Vision – To prevent, cure, reverse, or slow the progression and lessen the personal and societal impact of multiple sclerosis
Multiple sclerosis (MS) is a degenerative, chronic, immune-mediated disease of the central nervous system that leads to cumulative neurologic disability over several years. The body's immune system attacks and damages certain structures and cells within the central nervous system, including the myelin (the fatty sheath that surrounds and protects nerve fibers), the oligodendrocytes (myelin-producing cells), and the underlying nerve fibers. This damage interferes with the transmission of nerve signals between the brain and spinal cord, and other parts of the body.
MS affects nearly 1 million individuals in the United States. While individuals of all ages are affected by MS, it is more commonly diagnosed in young adults, particularly women, between the ages of 20 and 40 years old.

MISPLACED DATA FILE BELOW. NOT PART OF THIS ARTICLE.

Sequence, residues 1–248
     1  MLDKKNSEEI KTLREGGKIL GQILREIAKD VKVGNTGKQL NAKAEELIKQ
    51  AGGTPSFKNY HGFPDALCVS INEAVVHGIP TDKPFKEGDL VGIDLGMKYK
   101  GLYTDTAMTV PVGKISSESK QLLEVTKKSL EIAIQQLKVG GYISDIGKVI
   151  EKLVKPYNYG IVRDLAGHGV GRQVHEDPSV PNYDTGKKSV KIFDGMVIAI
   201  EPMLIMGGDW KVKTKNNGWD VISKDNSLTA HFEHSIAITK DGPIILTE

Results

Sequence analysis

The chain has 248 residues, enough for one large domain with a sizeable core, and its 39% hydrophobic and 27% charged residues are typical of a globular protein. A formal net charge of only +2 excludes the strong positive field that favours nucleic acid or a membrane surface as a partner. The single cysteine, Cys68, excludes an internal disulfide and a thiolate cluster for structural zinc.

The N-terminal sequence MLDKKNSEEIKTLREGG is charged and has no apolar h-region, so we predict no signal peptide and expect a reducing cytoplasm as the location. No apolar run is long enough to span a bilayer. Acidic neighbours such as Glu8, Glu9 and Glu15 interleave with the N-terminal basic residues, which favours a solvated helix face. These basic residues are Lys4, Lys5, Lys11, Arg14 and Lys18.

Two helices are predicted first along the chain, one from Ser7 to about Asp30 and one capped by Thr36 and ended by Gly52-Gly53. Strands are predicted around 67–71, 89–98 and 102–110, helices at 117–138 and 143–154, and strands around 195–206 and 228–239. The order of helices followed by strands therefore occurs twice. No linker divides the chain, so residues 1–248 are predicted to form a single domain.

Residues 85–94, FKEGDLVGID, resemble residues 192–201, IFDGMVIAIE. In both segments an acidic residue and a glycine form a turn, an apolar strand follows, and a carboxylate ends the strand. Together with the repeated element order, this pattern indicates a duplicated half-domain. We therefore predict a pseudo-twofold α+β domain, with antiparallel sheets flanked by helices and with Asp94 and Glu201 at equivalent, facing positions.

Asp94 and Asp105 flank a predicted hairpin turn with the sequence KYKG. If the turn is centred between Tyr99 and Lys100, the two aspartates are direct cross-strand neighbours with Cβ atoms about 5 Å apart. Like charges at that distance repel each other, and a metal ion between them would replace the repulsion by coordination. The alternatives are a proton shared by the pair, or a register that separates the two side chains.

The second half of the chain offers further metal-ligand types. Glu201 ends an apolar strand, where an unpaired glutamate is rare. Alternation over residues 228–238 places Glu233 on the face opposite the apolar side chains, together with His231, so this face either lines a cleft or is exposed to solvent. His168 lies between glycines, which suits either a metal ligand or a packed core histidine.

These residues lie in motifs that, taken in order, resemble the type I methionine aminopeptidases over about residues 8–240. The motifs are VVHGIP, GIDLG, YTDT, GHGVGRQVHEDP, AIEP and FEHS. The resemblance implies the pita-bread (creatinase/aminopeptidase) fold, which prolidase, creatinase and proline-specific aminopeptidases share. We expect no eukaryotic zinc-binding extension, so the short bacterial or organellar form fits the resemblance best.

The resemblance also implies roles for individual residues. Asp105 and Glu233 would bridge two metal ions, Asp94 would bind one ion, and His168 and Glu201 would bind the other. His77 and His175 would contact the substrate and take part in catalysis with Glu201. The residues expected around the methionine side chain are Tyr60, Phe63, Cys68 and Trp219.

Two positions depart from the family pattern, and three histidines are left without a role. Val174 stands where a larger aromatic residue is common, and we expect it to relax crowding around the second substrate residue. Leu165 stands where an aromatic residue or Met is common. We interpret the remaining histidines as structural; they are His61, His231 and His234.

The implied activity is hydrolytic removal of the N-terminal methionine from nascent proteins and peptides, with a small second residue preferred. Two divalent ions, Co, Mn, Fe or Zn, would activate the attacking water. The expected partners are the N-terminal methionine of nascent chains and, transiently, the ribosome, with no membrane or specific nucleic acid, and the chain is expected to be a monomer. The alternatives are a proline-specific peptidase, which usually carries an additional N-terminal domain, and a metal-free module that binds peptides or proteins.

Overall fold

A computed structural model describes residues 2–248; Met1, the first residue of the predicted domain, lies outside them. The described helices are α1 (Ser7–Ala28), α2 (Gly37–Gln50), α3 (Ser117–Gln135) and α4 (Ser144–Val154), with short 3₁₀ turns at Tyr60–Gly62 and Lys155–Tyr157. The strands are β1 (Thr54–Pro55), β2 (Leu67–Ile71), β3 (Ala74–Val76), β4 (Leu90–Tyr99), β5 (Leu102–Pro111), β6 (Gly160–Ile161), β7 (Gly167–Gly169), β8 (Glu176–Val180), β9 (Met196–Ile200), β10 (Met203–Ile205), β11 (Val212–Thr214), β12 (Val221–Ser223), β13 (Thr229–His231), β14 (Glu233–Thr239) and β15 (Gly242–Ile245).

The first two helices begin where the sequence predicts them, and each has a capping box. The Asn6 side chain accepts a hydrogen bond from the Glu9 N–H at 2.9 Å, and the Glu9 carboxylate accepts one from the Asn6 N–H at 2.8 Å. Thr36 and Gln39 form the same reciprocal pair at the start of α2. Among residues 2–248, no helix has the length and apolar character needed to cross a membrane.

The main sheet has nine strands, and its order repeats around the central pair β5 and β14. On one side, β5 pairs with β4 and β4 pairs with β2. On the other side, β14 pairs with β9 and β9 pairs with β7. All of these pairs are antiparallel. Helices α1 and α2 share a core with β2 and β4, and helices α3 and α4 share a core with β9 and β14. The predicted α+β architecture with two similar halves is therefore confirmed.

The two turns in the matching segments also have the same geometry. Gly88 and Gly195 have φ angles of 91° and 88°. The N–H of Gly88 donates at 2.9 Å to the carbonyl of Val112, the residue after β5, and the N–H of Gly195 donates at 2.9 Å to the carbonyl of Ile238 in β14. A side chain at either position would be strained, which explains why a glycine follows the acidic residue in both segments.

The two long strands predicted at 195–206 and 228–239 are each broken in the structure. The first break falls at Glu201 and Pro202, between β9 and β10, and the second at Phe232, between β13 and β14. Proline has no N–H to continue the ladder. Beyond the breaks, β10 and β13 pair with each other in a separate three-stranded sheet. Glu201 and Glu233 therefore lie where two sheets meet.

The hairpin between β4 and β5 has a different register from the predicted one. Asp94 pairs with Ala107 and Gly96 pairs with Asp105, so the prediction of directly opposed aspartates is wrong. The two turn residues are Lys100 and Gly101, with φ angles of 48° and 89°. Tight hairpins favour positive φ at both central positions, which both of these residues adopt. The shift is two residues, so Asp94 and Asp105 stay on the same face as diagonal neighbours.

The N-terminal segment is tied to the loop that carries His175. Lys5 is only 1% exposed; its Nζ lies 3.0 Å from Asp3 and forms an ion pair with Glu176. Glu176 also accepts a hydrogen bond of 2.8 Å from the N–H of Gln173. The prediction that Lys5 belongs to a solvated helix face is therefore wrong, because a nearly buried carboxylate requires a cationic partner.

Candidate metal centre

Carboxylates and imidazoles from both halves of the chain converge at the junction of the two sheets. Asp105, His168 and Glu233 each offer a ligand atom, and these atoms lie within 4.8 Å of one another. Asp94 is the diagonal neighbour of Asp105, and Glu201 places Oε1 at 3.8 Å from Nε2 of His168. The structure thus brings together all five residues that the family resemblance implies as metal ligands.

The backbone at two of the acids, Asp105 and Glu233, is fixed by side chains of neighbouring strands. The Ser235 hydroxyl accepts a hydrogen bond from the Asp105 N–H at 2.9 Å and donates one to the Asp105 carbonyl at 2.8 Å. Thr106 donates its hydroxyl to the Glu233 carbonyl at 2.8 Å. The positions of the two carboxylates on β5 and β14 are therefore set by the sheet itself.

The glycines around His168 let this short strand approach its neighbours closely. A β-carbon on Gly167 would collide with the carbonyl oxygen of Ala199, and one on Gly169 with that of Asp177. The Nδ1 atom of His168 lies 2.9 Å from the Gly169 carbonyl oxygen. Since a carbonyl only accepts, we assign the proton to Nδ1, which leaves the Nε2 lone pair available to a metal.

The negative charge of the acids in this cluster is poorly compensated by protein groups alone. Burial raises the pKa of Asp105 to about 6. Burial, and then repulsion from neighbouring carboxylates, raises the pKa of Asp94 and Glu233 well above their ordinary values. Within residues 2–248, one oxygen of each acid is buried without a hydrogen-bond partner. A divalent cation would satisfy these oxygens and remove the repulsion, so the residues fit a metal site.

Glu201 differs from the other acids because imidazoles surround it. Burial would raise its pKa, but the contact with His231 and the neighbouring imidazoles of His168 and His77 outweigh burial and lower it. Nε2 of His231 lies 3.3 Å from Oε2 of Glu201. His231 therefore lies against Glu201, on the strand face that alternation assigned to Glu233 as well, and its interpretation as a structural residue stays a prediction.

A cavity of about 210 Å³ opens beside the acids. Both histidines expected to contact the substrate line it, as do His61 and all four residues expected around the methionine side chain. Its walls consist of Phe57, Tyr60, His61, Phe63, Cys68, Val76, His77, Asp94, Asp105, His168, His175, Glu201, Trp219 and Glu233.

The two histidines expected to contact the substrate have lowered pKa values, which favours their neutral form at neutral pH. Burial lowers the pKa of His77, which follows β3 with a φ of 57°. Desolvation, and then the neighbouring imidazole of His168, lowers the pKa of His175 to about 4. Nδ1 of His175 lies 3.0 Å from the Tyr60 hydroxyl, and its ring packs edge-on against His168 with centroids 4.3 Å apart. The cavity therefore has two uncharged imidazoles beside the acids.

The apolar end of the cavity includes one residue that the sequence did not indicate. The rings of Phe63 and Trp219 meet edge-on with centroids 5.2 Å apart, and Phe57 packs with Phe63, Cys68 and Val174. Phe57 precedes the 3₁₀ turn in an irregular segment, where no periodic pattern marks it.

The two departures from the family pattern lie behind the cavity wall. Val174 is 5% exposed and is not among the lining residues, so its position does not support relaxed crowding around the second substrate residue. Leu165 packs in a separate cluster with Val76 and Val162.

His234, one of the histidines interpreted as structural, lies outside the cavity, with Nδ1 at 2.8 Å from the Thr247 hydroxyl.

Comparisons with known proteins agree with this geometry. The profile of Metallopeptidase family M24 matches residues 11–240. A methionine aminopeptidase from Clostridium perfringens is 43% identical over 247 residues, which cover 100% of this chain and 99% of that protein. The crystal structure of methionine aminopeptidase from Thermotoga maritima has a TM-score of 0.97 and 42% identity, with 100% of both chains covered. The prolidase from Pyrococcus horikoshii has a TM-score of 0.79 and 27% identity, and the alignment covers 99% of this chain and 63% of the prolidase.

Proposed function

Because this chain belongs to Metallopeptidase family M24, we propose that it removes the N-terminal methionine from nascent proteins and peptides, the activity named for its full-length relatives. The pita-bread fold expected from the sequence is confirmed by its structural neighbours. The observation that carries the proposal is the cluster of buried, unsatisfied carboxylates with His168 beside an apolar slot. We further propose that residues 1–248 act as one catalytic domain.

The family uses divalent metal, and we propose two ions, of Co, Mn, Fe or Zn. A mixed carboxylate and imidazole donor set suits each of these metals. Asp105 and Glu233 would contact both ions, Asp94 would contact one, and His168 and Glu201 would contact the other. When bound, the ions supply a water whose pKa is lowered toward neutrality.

MS is a heterogeneous disease that can manifest in many ways across the patient population. The progression, severity, and specific symptoms of MS are unpredictable and vary from one person to another. Currently, there is no cure for MS. The etiology and pathogenesis of MS were largely unknown until a recent Science magazine study demonstrated a strong correlation between Epstein-Barr virus (EBV) infection and onset of MS. This study opens up new avenues for the prevention and treatment of MS.
Since its inception in fiscal year 2009, the Multiple Sclerosis Research Program (MSRP) has supported innovative and impactful research that addresses fundamental issues and gaps in MS. The vision of the MSRP is to prevent, cure, reverse, or slow the progression and lessen the personal and societal impact of MS.
Last updated Sunday, December 31, 1600